- Read Luke 2:6–7. Perhaps the best word to describe the circumstances surrounding Jesus’ birth is humble. There is nothing impressive about the birth itself. Only a few people knew about it. The glory of it is only shown through the angels, the messengers of God. The same can be said of the Church. She is not very impressive in the eyes of the world. The glory of the Church is only seen through the message of the Gospel given through the Word. Only the eyes of faith can see her glory. Christ’s birth, life, and death reveal God’s way of working in the world. We can also see that way of working in Christ’s Bride, the Church. Read Luke 1:48, 52; 14:7–11. How important is humility for the Christian? How does that virtue work itself out in practice?
- At Christmas, we celebrate the wonderful truth that God took on human flesh in the womb of the Virgin Mary. The Creator of the universe made Himself into a tiny unborn baby. Though this is a time of year when we focus on joy and peace, the harsh reality of this sinful world is that many unborn babies are not safe in their mothers’ wombs but will be murdered through abortion. As we remember our Lord’s incarnation, let us reflect on the great tragedy and injustice of abortion and seek ways to protect the little ones. The incarnation is the ultimate testament to the great value of unborn babies and little children. We also should remember that Jesus came to save sinners, including those who have had and who perform abortions. What was Jesus’ attitude toward infants? Read Luke 18:15–17. Why must we adults constantly learn to be children?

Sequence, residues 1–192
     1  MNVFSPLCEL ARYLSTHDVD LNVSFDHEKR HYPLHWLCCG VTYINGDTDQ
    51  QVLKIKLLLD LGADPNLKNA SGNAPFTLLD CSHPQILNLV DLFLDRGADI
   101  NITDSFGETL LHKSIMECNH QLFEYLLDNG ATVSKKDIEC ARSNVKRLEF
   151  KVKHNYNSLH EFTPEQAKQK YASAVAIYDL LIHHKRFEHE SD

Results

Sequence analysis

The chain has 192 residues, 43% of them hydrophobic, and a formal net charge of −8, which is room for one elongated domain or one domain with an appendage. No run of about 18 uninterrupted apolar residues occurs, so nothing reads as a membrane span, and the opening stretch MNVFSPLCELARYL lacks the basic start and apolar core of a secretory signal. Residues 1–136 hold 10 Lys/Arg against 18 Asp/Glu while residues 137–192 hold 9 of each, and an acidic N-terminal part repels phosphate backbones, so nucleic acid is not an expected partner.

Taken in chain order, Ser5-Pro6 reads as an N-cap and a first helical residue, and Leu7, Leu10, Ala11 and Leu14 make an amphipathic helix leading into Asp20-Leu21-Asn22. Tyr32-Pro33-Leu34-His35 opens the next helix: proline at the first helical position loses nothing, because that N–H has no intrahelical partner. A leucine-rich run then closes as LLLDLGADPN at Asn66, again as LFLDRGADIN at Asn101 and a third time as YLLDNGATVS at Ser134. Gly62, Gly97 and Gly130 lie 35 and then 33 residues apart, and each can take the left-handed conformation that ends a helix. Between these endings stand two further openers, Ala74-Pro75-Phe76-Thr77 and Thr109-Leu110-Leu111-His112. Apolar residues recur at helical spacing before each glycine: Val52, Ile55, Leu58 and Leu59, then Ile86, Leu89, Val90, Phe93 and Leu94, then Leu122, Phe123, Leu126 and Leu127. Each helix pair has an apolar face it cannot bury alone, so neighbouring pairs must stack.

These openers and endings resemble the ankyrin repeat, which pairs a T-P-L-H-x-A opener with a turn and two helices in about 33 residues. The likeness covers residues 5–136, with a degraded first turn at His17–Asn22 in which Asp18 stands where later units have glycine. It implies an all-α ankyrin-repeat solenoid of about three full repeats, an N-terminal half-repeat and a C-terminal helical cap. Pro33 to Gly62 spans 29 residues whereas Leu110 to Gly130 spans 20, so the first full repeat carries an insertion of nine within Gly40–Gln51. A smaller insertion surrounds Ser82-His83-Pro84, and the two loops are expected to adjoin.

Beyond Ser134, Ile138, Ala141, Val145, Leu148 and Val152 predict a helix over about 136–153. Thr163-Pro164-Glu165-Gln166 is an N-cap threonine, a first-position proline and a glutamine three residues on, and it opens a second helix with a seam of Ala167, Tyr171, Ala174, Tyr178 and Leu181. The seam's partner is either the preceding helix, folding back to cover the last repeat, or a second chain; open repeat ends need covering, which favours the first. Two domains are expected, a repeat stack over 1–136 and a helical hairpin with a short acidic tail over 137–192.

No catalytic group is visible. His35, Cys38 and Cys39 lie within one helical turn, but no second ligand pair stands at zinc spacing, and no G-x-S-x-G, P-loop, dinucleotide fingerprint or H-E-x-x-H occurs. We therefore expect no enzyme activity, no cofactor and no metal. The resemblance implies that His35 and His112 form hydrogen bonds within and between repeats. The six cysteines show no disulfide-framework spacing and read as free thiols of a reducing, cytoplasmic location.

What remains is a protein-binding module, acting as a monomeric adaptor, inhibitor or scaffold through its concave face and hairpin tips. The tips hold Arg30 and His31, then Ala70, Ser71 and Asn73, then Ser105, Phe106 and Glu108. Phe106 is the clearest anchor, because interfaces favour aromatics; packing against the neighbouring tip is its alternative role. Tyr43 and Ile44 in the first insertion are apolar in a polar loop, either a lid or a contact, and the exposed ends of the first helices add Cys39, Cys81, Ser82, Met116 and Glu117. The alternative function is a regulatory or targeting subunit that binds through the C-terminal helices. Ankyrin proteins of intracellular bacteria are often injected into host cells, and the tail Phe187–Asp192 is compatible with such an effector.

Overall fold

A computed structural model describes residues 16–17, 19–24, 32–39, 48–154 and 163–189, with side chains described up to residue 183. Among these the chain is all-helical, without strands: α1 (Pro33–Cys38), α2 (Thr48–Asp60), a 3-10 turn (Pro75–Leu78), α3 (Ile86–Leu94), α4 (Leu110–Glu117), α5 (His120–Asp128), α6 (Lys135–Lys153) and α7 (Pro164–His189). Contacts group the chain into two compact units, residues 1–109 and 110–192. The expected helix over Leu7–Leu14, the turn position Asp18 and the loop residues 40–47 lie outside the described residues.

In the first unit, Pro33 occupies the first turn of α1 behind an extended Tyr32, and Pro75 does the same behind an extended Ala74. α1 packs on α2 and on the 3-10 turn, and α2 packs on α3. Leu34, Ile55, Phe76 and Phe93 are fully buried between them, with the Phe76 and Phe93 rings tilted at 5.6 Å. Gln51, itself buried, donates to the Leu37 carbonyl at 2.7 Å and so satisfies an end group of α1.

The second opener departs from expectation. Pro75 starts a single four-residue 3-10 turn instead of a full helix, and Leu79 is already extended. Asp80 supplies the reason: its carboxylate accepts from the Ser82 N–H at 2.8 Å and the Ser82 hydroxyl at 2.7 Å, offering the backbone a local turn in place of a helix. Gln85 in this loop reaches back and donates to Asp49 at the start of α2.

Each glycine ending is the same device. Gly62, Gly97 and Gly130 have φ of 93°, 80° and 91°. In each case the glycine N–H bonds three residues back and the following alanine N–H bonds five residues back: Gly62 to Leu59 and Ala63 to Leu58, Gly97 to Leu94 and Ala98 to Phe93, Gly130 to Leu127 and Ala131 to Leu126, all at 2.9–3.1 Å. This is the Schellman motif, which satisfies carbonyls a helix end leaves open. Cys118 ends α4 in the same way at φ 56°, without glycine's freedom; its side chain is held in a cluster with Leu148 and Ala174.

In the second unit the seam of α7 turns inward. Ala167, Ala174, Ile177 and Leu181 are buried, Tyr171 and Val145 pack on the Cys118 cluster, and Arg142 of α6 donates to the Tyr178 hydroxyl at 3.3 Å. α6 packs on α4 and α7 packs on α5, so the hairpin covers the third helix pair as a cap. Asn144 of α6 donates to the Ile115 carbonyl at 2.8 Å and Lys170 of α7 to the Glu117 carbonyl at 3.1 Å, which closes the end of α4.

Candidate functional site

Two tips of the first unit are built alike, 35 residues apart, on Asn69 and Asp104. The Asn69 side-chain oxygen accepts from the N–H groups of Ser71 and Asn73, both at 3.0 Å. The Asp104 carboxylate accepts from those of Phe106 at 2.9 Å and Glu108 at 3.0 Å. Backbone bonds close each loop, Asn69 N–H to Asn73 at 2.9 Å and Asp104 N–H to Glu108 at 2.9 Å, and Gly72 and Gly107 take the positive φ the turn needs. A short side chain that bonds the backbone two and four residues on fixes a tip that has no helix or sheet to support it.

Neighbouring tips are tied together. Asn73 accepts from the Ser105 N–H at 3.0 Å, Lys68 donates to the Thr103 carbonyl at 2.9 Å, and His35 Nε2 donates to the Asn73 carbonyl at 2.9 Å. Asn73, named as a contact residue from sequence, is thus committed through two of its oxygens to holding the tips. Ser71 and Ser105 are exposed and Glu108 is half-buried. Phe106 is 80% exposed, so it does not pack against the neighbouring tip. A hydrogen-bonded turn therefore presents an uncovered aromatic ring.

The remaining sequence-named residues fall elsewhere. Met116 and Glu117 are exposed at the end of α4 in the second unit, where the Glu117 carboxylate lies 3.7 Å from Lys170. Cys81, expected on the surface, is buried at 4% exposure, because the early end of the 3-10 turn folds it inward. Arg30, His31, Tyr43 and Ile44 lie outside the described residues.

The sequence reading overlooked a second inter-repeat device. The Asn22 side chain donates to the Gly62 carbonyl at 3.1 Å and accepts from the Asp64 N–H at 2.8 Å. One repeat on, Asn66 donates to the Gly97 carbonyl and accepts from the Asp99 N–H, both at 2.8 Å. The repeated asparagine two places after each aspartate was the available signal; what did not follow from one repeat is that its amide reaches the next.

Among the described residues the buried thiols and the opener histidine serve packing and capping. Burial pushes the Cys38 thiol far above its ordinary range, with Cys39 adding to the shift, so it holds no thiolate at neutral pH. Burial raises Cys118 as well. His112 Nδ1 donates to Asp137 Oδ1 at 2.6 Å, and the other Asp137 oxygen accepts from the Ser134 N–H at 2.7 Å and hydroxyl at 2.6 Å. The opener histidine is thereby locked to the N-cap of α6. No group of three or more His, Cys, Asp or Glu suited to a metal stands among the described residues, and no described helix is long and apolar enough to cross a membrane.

- The angel in Luke 2:11 announced that a Savior had been born. Many Jews thought that the Messiah would be a secular savior who would defeat their enemies. What kind of savior are people looking for today? What kind of Savior is Jesus? See Matthew 1:21; Luke 1:77.
- Don’t the nativity scenes make you wish you were there? Don’t the Christmas carols paint such a lovely picture of that night when Christ the Lord was born? Can you imagine how beautiful the angels’ song was? It certainly would have been a glorious experience. But we have things even better than the shepherds. How?
The text for this lesson is Luke 2:1–20.
- The Son of God became what we are—human—to make us what He is: a child of the heavenly Father. Furthermore, He revealed where He is to be found: in His Word and Sacraments.
- Law: In the beginning, God created man in His own image, and ever since, we have been trying to return the favor. But the “God” we fashion in our own minds is a caricature—a warped, deformed, blasphemous image of the reality we look for in all the wrong places.
- Gospel: In the beginning, God created man in His own image. And in the fullness of time, God assumed that image Himself. The Son of God became also a Son of Adam, Son of David, and Son of Mary. In so doing, He reimaged us re-created us to be as He is. He became what we are to make us what He is: children of the heavenly Father. And He revealed where He is to be found: swaddled in His Gospel and Sacraments.